Hannah Browne
11:56 3rd June 2021

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With their debut album, My Love Is Cool, Wolf Alice captured lightning in a bottle. Echoing the zeitgeist of the glitter-covered mid-2010s indie scene while having the gravitas to impress industry critics alike, they’ve always felt like outsiders...but only just. Now, Wolf Alice re-emerge for their third album – a glowing record that sees guitarist-vocalist Ellie Rowsell owning her identity with no second-guessing of the group’s potential.

Blending opulent piano ballads, breakneck alt-rock and elegant choral arrangements, Blue Weekend retains the sonic unpredictability that makes their catalogue so breathtaking, except now the stakes feel incredibly high. Whether occupying her thoughts between the unhinged verses of ‘Smile’ or crooning in her lower register on ‘The Last Man On Earth’, Rowsell personalises Blue Weekend to portray strength and solace in vulnerability. 

Having worked with Arcade Fire and Mumford & Sons producer Markus Dravs, Wolf Alice craft a sound that feels like an easy listen at first but later reveals itself as having an inner emotional turmoil. Palpable on Blue Weekend’s second and standout track ‘Delicious Things’. Ellie reflects on life in L.A. against a backdrop of expansive melodies and whispered internal monologues of her first-person account with sleazy opportunists and indulgences. Wide-eyed, she sings of social anxiety and homesickness whilst being naively mesmerised by opportunity: “A girl like me, would you believe, I’m in Los Angeles”.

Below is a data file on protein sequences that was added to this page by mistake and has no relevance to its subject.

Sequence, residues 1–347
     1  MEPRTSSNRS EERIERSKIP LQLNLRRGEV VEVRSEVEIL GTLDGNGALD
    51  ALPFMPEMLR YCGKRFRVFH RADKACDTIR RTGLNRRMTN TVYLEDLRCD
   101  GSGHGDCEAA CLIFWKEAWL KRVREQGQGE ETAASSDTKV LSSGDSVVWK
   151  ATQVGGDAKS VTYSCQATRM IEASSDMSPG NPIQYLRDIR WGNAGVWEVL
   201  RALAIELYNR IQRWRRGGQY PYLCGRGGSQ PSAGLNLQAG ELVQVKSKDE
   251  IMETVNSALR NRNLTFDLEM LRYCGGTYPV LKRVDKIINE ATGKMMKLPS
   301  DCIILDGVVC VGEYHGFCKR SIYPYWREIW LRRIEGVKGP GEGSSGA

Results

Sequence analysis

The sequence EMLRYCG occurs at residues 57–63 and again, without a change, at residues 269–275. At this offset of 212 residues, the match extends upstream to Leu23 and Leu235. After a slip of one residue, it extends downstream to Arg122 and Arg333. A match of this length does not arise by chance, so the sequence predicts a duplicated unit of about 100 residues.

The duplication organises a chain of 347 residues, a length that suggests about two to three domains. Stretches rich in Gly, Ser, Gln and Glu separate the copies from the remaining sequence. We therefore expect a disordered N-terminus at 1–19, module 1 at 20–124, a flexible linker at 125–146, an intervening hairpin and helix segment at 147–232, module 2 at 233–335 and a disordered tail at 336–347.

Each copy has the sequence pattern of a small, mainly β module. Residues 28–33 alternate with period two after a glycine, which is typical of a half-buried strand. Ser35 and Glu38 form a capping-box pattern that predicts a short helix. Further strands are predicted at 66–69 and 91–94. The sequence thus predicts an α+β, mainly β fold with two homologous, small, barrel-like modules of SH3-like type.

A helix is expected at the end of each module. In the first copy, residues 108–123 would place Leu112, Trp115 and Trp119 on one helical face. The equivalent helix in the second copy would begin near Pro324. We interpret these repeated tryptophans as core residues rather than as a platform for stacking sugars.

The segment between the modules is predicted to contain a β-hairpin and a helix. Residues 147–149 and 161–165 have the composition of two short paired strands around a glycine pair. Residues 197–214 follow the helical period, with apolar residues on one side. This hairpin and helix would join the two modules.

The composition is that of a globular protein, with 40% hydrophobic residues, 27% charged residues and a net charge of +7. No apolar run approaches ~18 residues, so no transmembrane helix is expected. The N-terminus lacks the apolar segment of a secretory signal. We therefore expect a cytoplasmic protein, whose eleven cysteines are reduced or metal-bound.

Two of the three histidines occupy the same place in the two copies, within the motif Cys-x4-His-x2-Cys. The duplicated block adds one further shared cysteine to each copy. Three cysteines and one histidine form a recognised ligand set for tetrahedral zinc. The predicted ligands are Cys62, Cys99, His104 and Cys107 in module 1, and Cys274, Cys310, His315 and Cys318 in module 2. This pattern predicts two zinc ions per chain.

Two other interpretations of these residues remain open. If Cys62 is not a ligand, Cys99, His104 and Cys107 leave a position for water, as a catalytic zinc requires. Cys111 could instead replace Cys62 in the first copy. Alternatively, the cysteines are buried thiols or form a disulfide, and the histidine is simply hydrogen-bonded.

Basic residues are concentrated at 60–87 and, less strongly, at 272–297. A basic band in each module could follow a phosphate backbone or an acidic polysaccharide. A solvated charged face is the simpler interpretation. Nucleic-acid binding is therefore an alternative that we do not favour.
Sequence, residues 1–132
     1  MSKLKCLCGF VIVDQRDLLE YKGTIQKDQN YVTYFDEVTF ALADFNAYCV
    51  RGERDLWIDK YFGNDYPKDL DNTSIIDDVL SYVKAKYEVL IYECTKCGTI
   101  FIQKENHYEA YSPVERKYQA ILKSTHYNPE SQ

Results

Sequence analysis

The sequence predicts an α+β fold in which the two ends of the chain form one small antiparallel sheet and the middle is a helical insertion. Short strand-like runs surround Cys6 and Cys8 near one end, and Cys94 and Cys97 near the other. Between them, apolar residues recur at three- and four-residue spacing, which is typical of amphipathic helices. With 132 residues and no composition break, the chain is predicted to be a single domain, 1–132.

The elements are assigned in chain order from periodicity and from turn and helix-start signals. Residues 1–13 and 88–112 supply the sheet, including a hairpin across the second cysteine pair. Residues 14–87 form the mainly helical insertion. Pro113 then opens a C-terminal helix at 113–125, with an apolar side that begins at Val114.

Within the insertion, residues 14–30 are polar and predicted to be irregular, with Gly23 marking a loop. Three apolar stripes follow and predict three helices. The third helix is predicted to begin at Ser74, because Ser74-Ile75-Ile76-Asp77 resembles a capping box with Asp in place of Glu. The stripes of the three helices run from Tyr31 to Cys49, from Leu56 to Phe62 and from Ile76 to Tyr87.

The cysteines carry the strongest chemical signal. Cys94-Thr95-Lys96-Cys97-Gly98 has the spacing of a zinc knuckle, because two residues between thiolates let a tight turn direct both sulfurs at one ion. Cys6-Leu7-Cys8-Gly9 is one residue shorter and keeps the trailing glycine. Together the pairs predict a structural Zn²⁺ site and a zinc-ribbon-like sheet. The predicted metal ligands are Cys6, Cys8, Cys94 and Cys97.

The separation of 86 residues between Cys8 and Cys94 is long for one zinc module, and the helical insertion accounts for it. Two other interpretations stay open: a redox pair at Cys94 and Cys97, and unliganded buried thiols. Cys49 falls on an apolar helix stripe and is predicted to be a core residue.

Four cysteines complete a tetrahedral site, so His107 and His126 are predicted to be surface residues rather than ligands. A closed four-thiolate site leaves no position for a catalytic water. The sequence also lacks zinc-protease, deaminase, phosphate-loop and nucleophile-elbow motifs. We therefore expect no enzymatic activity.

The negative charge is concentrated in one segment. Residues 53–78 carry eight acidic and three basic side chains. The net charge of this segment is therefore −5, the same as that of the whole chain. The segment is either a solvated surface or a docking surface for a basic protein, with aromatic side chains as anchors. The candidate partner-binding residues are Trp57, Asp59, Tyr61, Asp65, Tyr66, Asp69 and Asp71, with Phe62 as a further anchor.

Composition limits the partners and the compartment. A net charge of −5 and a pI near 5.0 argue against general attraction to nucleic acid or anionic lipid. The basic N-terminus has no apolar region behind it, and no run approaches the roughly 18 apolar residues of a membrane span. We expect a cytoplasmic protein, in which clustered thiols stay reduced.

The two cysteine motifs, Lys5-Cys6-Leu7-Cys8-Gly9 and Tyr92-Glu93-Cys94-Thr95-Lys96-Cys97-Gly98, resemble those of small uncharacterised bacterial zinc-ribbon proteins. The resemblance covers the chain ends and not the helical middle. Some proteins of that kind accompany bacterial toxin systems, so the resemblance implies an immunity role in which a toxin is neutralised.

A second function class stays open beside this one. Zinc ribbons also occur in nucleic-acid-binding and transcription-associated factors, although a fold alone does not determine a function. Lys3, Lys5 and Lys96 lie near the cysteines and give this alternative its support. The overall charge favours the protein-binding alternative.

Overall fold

Full of ‘80s flourishes, ‘How Do I Make It OK’ peppers Rowsell’s vocal with an increasing degree of despair as she repeatedly bawls “I just want you to be happy”. Yet, for all its melancholy, Blue Weekend is never downbeat - the instrumental transcends into a surging sequence with Joff, Theo, and Joel competing to be heard with just the right amount of convolution.

Blue Weekend, bookended by sister tracks ‘The Beach’ and ‘The Beach II’, presents Wolf Alice as we haven’t quite heard them before: prioritising feeling over musical intensity. With a newfound simplicity, the dynamic shifts hang together around earnest vocals and mature songwriting to produce not only a sonic achievement but an emotionally intimate one.

Blue Weekend arrived 4 June via Dirty Hit.

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Photo: Press